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The 10 Greatest Villains of the AIDS Epidemic

The history of the AIDS epidemic is littered with people who, through malice or cowardice, made an unimaginably awful situation even worse.

Thirty years ago this week, the Centers for Disease Control’s Morbidity and Mortality Weekly Report reported five cases of Pneumocystis carinii pneumonia among previously healthy gay men. It was not for another year that these deaths were attributed to gay-related immune deficiency -- a name that exacerbated the homophobic positioning of the disease -- and then, mercifully, Acquired Immune Deficiency Syndrome. 

Twenty-five million have since died of AIDS. Put another way, the population of Texas has been raptured off the map. Still, as we’re told ad nauseum, the disease is no longer a death sentence; millions are taking HIV antiretroviral therapy for the first time; Magic Johnson is alive and well; and according to UNAIDS figures, expanded access to treatment led to a 19 percent decline in deaths among people living with HIV between 2004 and 2009.

It gets even better! Three weeks ago, we learned that men and women who take antiretrovirals while their immune systems are still “relatively healthy” are unlikely to transmit the disease.

If you grew up listening to stories of the skeletal Rock Hudson and the doomed Ryan White, as I did, such developments seem gloriously improbable. Against such darkness, it’s almost possible, amid the current revelry, to ignore the millions already dead and the 1.8 million who continue to die each year. For a non-death sentence, AIDS sure does kill a lot people. You can’t assign blame for this to just one person, but Ronald Reagan really does deserve an outsized heap of opprobrium. Despite what you may hear from his defenders, the Gipper, when you get down to it, really did care more about UFOs than the new plague.

The numbers: 3,700 dead after his first term, 46,344 after the second.

Reagan was hardly alone in his deficiency. The history of the AIDS epidemic is littered with people who, through malice or cowardice, made an unimaginably awful situation even worse. America’s collective memory being what it is, it’s worth identifying them.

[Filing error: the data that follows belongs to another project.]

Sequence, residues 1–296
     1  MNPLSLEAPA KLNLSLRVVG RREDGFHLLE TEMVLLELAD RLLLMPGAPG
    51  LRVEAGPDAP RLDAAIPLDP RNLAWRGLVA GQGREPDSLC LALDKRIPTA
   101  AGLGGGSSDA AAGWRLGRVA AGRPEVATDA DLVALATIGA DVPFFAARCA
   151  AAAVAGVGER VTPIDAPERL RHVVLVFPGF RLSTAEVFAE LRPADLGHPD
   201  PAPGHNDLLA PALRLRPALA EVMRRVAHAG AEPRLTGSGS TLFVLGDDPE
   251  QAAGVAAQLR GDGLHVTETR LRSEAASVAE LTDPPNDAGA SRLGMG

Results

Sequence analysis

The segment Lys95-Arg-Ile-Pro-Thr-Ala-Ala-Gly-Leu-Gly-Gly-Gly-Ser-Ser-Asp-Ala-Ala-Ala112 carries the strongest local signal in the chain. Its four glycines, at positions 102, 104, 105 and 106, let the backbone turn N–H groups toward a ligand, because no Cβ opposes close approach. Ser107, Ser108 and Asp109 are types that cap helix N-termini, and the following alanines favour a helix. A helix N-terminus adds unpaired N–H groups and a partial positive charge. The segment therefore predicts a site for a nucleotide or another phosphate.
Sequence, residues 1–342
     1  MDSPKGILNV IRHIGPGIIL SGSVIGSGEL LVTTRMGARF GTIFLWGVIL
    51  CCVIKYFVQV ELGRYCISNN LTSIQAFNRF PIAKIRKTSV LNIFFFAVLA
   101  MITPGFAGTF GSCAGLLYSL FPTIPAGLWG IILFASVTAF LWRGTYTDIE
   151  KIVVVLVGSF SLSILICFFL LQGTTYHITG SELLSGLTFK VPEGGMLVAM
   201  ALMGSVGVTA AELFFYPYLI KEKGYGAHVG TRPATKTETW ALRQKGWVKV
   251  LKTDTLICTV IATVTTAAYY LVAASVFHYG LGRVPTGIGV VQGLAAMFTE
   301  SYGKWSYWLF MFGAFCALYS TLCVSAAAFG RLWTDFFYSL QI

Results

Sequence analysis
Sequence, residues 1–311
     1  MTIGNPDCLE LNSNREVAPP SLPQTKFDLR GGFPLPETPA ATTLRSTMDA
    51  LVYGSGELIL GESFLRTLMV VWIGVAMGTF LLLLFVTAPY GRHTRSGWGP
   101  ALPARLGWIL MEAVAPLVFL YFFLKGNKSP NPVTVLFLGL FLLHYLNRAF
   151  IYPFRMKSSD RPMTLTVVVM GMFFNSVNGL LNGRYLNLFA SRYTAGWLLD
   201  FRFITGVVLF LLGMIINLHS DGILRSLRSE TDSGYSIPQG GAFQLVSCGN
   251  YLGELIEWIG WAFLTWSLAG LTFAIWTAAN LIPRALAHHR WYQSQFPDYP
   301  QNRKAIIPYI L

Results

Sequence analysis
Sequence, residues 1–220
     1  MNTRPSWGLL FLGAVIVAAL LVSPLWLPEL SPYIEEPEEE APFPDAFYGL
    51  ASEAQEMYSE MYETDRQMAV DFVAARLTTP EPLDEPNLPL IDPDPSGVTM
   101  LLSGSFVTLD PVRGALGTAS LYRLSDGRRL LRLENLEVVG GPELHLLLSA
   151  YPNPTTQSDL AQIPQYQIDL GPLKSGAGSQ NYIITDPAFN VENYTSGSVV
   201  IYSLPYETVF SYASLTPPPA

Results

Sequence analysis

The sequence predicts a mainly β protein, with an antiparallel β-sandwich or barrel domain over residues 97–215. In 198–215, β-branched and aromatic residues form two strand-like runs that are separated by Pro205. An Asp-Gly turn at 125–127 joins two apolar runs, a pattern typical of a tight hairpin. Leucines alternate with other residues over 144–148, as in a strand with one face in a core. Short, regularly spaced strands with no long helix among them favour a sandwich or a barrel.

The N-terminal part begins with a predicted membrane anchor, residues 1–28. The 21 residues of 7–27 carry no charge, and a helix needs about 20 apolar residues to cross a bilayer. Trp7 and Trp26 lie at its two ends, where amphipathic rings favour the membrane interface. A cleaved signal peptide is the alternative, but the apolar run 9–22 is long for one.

Jerry Falwell, Religiohuckster

Crime: As co-founder of the Moral Majority, Falwell and his merry band of Gantrys helped foist Reagan on the country and then connived to remain close to the Oval Office. Proximity to the powerful allowed Falwell to smite the meek. One of the more repulsive instances was a 1983 debate with activist Gary Walsh -- a PWA, in the parlance of the time -- during which the preacher told the dying man, “When you violate moral, health, and hygiene laws, you reap the whirlwind.” And on live television, no less!

Last Known Whereabouts: Christopher Hitchens, to his credit, shouldered the burden of eulogizing Falwell while the body was still warm, and he properly bid the corpulent monster adieu: “The empty life of this ugly little charlatan proves only one thing,” he told CNN: “That you can get away with the most extraordinary offenses to morality and to truth in this country if you will just get yourself called ‘reverend’.” To C-SPAN’s audience Hitchens observed that, had Falwell “been given an enema, he could have been buried in a matchbox.”

Dr. David Sencer, New York City health commissioner

Crime: Contra Falwell, Sencer’s sin is complacency. He had been burned once before; in 1976, a swine flu outbreak at Fort Dix killed 14. The CDC, headed by Sencer, ordered widespread vaccinations that led to the deaths of as many as 32 people. Sencer was fired. This incident may explain his Chinatown approach as health commissioner: do as little as possible. When the city became racked with AIDS he refused to widely educate New Yorkers or to close the bath houses. In the beautiful words of Ronald Bayer, Sencer believed -- as did many other public health officials -- that “ the exercise of caution was a reflection of wisdom.

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